Canada Can Force Travellers To Stay At Hotels If Their Quarantine Plan Isn't Good Enough
The stricter measures start tonight.
There are new rules to know about. Mandatory quarantine in Canada for travellers returning from abroad is getting stricter, specifically for those who don't have an acceptable quarantine plan. If they don't have one, one will be put into place for them.
On April 14, the Prime Minister announced new, strengthened measures being taken when it comes to people entering the country from other countries.
"If you've come back to Canada from abroad, as of today, we are strengthening measures," Trudeau said.
During his daily press conference, he told Canadians about what exactly that includes.
"Now, if asymptomatic travellers cannot explain a credible quarantine plan, they will be required to quarantine in a hotel," he continued.
This applies to people who come back to Canada and aren't showing any symptoms of COVID-19 but don't have an adequate plan for quarantine.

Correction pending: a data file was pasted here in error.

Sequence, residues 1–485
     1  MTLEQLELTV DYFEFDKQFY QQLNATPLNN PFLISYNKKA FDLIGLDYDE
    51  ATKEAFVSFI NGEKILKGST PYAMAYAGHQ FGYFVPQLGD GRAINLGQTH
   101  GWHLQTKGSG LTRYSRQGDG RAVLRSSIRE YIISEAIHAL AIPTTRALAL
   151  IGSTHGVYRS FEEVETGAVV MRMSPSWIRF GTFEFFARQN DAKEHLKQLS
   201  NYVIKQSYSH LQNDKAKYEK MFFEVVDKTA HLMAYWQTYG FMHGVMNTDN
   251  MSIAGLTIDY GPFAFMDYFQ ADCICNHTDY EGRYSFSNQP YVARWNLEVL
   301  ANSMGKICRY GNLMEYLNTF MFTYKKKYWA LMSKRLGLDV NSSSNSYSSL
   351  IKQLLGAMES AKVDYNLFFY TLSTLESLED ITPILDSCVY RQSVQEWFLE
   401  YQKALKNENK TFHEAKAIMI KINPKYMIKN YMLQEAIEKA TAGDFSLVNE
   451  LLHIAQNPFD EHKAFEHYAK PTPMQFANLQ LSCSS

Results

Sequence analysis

Trudeau went on to give examples of an insufficient quarantine, like if someone is planning to stay where there are elderly family members or if they don't even have a set destination which is possible if they've been out of the country for years.
This new measure comes into effect at 12:00 a.m. on April 15.
It's an order made under the Quarantine Act and gives the government authority to isolate people for two weeks in a quarantine location like a hotel.
Back on March 25, Chrystia Freeland, the Deputy Prime Minister, and Patty Hajdu, the Minister of Health,that all people coming to Canada had to isolate themselves as soon as they got here.
"We have for some time now been urgently advising people coming into Canada to self-isolate for 14 days upon their return," Freeland said then. "We have decided that now is the time to make that measure mandatory."
The new measure now coming into effect is an addition to those provisions set out in the Quarantine Act.
That act is meant to protect public health through measures to prevent the spread of diseases. With that, the government has the power to fine or jail travellers who don't comply with the 14-day isolation period.
And theare pretty hefty.
There are fines of up to $1,000,000 and jail time of up to six months or three years depending on what part of the act is not followed.